Monday, October 21, 2019 (all day) to Thursday, October 24, 2019 (all day)
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The Quantum Innovators in Computer Science and Mathematics workshop brings together promising researchers working on theoretical aspects of quantum information and computation in computer science and mathematics. 

Talks are open for anyone to attend.

Tuesday, December 17, 2019 — 9:30 AM EST

Rui Yang, Southern University of Science and Technology, China

In this talk Dr. Yang will talk about a few quantum devices studied during past years. In the first half, Dr. Yang will talk about his research on nanodevices made of 2d materials. The focus will be on the study of the magnetic impurities in graphene by phase coherent transport. In the second half, the talk will focus on Dr. Yang’s research on the superconducting quantum computation system. The focus will be on the study of a broad-band Josephson Parametric Amplifier.

Wednesday, December 11, 2019 — 1:00 PM EST

The interplay of strain, pressure, superconductivity, and topology in Weyl semimetal MoTe2

Tuesday, December 10, 2019 — 4:00 PM EST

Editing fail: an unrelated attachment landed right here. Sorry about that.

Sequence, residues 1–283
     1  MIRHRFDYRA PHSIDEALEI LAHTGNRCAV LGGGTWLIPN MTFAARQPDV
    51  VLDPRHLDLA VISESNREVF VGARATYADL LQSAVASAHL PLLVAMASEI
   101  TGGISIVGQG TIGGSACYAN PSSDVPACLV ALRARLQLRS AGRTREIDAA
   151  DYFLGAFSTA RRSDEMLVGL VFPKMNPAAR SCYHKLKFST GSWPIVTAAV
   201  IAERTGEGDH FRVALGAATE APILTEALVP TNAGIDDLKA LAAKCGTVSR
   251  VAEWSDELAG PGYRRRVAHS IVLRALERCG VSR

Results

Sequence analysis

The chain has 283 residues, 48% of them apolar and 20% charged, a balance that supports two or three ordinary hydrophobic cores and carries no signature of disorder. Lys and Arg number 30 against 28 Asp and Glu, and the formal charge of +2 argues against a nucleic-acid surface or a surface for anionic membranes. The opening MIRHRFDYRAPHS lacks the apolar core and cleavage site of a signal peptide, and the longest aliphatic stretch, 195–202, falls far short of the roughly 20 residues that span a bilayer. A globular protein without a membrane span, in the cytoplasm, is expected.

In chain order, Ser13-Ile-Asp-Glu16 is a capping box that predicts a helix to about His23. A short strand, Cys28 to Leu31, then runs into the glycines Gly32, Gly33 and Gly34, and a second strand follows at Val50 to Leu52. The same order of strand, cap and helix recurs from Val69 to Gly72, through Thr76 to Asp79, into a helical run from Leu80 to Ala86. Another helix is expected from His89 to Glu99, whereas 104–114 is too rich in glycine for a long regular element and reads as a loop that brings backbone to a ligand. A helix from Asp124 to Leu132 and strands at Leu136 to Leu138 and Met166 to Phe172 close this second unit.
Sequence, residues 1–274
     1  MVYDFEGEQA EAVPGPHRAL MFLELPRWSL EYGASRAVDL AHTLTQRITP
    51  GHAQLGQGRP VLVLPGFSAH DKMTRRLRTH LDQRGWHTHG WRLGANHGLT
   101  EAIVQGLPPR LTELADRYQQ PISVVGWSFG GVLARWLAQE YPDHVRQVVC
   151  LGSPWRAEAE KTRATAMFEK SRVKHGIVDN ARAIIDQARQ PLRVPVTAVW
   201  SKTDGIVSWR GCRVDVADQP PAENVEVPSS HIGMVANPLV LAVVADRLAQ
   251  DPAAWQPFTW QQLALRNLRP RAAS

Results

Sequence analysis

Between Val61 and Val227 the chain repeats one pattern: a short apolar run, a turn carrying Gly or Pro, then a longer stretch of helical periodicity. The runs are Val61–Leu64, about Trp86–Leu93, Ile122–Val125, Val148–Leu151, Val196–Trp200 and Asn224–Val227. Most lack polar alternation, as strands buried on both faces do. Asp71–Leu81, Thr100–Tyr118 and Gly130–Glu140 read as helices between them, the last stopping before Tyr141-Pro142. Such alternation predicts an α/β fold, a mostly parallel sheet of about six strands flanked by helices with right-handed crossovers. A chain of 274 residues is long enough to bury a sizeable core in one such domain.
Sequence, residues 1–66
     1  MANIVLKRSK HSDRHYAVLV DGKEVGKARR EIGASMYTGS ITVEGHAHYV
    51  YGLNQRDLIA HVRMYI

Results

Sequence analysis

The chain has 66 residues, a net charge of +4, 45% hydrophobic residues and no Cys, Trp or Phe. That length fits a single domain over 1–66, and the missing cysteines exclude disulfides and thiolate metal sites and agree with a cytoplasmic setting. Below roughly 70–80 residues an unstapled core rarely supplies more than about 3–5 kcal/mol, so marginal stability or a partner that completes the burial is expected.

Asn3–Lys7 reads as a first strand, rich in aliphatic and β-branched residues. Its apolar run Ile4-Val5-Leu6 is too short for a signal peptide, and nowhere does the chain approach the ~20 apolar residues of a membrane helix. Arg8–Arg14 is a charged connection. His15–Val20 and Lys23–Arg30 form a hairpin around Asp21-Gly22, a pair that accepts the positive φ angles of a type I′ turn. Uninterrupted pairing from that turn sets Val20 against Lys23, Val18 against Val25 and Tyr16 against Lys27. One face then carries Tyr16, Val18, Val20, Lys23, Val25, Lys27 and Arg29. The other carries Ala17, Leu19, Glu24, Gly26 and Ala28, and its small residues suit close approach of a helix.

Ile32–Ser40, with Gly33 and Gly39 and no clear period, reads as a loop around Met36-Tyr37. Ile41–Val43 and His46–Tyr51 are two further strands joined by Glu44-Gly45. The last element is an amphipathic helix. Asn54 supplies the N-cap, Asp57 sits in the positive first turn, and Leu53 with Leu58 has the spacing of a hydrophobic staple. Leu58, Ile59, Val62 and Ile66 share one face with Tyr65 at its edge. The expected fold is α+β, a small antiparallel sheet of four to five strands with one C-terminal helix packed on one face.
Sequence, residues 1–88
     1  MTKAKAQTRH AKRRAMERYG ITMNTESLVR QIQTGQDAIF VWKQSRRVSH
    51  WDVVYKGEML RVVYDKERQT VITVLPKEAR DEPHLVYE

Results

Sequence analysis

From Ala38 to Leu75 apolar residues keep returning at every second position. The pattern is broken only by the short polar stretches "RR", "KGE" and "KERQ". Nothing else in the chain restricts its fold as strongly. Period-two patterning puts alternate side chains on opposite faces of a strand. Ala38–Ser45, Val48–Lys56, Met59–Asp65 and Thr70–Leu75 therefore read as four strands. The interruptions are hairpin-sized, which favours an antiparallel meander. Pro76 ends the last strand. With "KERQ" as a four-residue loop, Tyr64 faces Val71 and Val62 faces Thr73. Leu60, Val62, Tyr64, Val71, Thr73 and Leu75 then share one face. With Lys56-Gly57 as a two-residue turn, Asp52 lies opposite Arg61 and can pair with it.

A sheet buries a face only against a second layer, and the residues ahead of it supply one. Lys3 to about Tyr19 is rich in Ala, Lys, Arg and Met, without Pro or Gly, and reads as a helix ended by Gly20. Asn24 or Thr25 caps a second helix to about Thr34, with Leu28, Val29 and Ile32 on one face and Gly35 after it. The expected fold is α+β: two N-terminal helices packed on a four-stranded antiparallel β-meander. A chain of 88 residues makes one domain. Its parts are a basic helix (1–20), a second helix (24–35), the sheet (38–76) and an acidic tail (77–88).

Natalie Klco - Institute for Nuclear Theory, The University of Washington

Monday, December 9, 2019 — 2:00 PM EST

Karan Mehta, ETH Zurich

Wednesday, December 4, 2019 — 1:00 PM EST

Single-photon detectors for satellite-based quantum communications

Nigar Sultana

Tuesday, December 3, 2019 (all day) to Wednesday, December 4, 2019 (all day)

The goal of the IQC Workshop on Quantum Illumination is to bring together a wide range of participants from these various domains to discuss the state of the art in laboratory research, the range of possible applications, and paths toward those applications.

Monday, December 2, 2019 — 2:30 PM EST

Ivan Deutsch, University of New Mexico

Monday, November 25, 2019 — 2:30 PM EST

Mete Atature, The University of Cambridge

Monday, November 25, 2019 — 12:00 PM EST

Tomoyuki Morimae, Kyoto University

It is known that several sub-universal quantum computing models, such as the IQP model, Boson sampling model, and the one-clean qubit model, cannot be classically simulated unless the polynomial-time hierarchy collapses. However, these results exclude only polynomial-time classical simulations. In this talk, based on fine-grained complexity conjectures, I show more ``fine-grained" quantum supremacy results that prohibit certain exponential-time classical simulations. (Morimae and Tamaki, arXiv:1901.01637)

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